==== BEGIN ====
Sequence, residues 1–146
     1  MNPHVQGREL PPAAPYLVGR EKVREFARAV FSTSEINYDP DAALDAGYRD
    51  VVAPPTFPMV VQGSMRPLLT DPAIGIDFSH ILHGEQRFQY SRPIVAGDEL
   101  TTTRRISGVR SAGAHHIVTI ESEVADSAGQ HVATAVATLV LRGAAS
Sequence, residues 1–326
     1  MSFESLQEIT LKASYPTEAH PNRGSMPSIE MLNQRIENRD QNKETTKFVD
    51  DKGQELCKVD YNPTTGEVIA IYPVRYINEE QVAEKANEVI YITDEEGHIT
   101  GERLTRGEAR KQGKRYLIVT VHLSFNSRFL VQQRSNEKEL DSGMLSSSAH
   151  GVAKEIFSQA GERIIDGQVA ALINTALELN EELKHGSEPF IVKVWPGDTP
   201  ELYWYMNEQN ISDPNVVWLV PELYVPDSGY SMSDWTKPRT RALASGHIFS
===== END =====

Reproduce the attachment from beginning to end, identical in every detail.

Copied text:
Sequence, residues 1–146
     1  MNPHVQGREL PPAAPYLVGR EKVREFARAV FSTSEINYDP DAALDAGYRD
    51  VVAPPTFPMV VQGSMRPLLT DPAIGIDFSH ILHGEQRFQY SRPIVAGDEL
   101  TTTRRISGVR SAGAHHIVTI ESEVADSAGQ HVATAVATLV LRGAAS
Sequence, residues 1–326
     1  MSFESLQEIT LKASYPTEAH PNRGSMPSIE MLNQRIENRD QNKETTKFVD
    51  DKGQELCKVD YNPTTGEVIA IYPVRYINEE QVAEKANEVI YITDEEGHIT
   101  GERLTRGEAR KQGKRYLIVT VHLSFNSRFL VQQRSNEKEL DSGMLSSSAH
   151  GVAKEIFSQA GERIIDGQVA ALINTALELN EELKHGSEPF IVKVWPGDTP
   201  ELYWYMNEQN ISDPNVVWLV PELYVPDSGY SMSDWTKPRT RALASGHIFS